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Experts: Record-breaking early turnout in TN makes predicting election results difficult

Even though voter turnout is high, that doesn't mean one party or the other will have success on election night.

Knoxville — The numbers are historic.

Early voting turnout across the state and here in East Tennessee is the largest ever for a midterm election.

That includes more than 117,000 votes in Knox County, more than 15,000 Sevier County, about 29,000 in Blount and about 17,000 in Anderson County.

If you've already voted, you're one of nearly 1.3 million in Tennessee.

RELATED: Knox County sees another 'banner day' for early voting, nearing 20,000 total votes already

"The one thing that we can conclude from these numbers is that the level of interest in this election is abnormally high," UT political science professor Dr. Anthony Nownes said.

Across the state and in East Tennessee, early voting numbers more than doubled the last midterm election in 2014.

"After that, I'm not sure the numbers can tell us much of anything," Nownes said.

Nownes says that's because the numbers are up in all metro areas from Memphis to Knoxville.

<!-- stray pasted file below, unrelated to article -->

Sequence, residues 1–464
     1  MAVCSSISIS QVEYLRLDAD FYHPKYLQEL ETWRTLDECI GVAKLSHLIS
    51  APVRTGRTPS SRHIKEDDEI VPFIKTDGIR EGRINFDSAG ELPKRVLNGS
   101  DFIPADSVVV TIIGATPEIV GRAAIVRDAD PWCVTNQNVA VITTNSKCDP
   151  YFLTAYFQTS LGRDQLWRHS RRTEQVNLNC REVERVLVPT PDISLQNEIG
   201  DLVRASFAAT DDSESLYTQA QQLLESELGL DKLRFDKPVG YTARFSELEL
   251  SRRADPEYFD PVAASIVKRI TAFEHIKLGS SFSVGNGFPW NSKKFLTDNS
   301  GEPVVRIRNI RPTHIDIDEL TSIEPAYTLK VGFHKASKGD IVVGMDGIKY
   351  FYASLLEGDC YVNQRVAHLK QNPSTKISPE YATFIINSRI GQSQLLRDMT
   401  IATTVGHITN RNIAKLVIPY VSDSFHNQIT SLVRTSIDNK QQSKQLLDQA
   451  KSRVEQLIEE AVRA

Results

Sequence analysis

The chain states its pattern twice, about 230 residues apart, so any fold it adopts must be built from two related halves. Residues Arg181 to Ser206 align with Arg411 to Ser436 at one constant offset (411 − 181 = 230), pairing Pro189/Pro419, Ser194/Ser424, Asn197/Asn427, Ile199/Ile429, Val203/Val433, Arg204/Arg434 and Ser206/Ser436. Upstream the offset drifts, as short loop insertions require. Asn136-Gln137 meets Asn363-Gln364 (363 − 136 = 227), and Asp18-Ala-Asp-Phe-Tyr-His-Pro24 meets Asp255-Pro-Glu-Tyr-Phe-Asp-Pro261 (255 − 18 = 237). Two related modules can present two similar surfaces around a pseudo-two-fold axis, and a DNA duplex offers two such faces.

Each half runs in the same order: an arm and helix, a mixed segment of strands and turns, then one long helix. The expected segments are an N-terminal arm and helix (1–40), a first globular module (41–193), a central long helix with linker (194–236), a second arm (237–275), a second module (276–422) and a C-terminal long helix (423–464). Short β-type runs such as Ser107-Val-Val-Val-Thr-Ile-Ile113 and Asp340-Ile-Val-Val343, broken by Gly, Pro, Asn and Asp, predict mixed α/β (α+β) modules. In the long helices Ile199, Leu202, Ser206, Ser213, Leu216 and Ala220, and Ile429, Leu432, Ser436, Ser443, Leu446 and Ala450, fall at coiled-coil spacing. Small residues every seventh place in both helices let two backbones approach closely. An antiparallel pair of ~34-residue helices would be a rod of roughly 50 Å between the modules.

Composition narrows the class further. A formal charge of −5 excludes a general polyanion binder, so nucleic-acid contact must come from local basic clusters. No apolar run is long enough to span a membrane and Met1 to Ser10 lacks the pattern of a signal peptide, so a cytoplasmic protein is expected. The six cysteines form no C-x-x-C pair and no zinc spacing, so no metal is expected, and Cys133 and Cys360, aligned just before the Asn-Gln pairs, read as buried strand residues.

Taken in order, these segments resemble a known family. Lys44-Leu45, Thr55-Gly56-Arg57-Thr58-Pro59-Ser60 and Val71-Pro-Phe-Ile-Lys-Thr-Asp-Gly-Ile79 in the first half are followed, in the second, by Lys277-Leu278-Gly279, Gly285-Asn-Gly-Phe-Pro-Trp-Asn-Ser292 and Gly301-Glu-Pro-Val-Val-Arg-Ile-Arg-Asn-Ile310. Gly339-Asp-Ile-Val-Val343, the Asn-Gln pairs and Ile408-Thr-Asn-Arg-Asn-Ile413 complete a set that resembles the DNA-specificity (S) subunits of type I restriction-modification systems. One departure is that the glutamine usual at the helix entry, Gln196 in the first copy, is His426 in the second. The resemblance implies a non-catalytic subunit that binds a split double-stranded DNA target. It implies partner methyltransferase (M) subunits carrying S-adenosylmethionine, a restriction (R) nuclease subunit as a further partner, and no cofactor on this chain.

"Williamson county--the numbers are up," Nownes said. "And that is a traditionally republican county. So you think, 'Oh, that's good for Republicans.' But early voting is also up in Davidson and Shelby County, so, do those two offset each other? Maybe, maybe not."

At a local level, Inside Tennessee panelists Don Bosch, who is a Democrat, and Susan Williams, who is a Republican, can predict some trends.

Downtown West is Knox County's busiest early voting site.

MORE: Early voting at Downtown West location resumes after internet issues resolved

It jumped from nearly 15,000 early voters in 2014 to almost 31,000 in 2018.

"Downtown West has traditionally been a Republican voting area," Williams said. "Farragut has been republican. Love Kitchen is one of those that's not. City-County building is purple, maybe more blue than red."

Bosch agrees, saying the downtown corridor is often blue.

"When you start looking at more of the city precincts, certainly a higher Democratic demographic there voting blue."

It's all speculation right now, and we won't find the real answers until after the polls close.

"We're just going to have to wait until Tuesday night, just like we always have on election night," Nownes said.

Nownes says events like the hearings surrounding Supreme Court Judge Brett Kavanaugh brought both Republicans and Democrats out to the polls, so he also doesn't expect that to affect who will win Tuesday night.

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